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Best Practices for Video Conferencing with International Stakeholders


A common barrier to scaling your business globally is the international travel required to meet suppliers, distributors, customers and other stakeholders. It is costly, time consuming and simply not a viable option right now. While I believe in the power of building strong, in-person relationships with international stakeholders, video conferences can be a great solution if done correctly.

Now, more than ever, society is looking to connect. I’m surprised by the recent, increased response rate to my personalized emails, LinkedIn requests and social media messages. It makes sense that many want personal connections and updates from “real people” though rather than the overwhelming news outlets.

That being said, building a strong connection and partnership with an international stakeholder via video conference is an art. I’ve included the best practices for a successful video conference below.

1. Choose a Technology – Not all platforms work in all countries. Zoom, a popular video conferencing technology, does not work well in Mainland China. Skype is not a viable option in the United Arab Emirates. Do your research and ask for guidance to ensure you’re utilizing the right tools for all parties. 2. Have an Agenda – Just like in-person visits, video conferences take preparation and coordination. All parties want to feel like their time is valued and respected. The agenda should be set in advance, and I recommend it be set by the party requesting the meeting. If this party has not offered an agenda, however, feel free to do so and ask if they would like to add anything. Include an outline of the agenda in the meeting request to keep everyone on task. 3. Focus on Relationships – While a video conference is a serious matter, your demeanor should be warm and personable. This can be more difficult to exude via video conference, so really focus on making social cues obvious. For example, be sure to nod your head and smile while the other party is speaking. Share some positive personal details within your comfort zone. It could be as simple as the current weather or your weekend plans, or it could be as personal as your excitement for the birth of your first child. 4. Understand the Culture – It is important to understand the culture of your audience. Americans are generally very prompt to meetings, so continue to be prompt. Other culture may have more flexibility when it comes to a start time. Neither method is right or wrong, but it requires being open-minded and understanding of the cultural nuances we experience while doing international business. Another area I like to note is agreeableness. Americans are generally active about voicing their opinions, but other cultures may be more agreeable and should be asked directly for feedback. Of course these are generalizations, but having a deep and growing understanding of cultures is key. 5. Recap – Be sure to reiterate which party is responsible for which task at the end of the meeting. Send a follow-up email thanking the other party for their participation, but also list the next steps and corresponding expectations. Try to set a follow-up meeting focused on deliverables but also on continuing to build a long-term relationship. I also recommend checking out some articles on video conference etiquette to round out the list. These cover items such as speaking clearly, looking into the camera, proper muting, etc. This is one of my favorites: https://www.theverge.com/2020/3/19/21185472/video-confere-call-tips-zoom-skype-hangouts-facetime-remote-work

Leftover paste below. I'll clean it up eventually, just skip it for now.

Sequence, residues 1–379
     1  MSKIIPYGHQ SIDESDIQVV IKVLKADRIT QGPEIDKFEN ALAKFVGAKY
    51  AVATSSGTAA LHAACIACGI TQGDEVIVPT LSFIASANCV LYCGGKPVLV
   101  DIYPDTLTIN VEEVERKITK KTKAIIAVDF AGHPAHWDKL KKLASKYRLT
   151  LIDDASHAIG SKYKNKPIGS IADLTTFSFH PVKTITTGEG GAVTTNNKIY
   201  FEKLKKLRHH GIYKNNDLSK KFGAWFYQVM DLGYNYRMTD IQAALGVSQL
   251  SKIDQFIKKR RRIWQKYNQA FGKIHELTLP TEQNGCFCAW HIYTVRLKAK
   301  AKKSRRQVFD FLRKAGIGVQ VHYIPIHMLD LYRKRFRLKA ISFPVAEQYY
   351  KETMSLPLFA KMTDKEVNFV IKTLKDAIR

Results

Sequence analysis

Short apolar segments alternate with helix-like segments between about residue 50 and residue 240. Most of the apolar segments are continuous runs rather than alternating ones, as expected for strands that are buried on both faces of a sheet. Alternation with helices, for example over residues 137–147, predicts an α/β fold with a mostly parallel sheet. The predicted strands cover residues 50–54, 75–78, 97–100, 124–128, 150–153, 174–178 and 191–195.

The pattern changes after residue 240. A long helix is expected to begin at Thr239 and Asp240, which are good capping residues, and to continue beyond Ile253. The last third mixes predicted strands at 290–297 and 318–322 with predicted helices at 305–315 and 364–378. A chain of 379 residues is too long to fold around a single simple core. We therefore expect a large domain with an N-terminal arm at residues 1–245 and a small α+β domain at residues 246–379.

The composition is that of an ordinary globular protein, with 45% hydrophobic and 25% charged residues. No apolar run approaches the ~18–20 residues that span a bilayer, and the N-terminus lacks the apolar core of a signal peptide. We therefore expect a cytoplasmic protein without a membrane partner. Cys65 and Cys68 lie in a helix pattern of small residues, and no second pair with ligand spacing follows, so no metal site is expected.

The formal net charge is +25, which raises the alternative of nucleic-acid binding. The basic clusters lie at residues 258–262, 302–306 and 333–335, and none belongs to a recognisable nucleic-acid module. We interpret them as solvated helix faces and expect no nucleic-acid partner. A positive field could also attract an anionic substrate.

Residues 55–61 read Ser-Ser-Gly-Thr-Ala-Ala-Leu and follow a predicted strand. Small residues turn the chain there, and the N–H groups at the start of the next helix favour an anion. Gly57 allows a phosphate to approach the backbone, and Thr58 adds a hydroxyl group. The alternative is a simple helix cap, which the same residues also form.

Finding the right international partner can make or break your success in an overseas market. By following these best practices, asking the right questions and focusing on building solid, long-term relationships with international stakeholders, you can ensure you’re in a great position for success. If you need assistance preparing for an upcoming video conference or need help finding suitable international partners to meet, feel free to contact me to discuss by clicking "contact" in the menu header.

 

Casey Kooiman, founder of TradeCase Global, is an international business professional with 10+ years of practical experience. Casey is passionate about providing advice & resources to help small businesses and entrepreneurs take their brands around the world!

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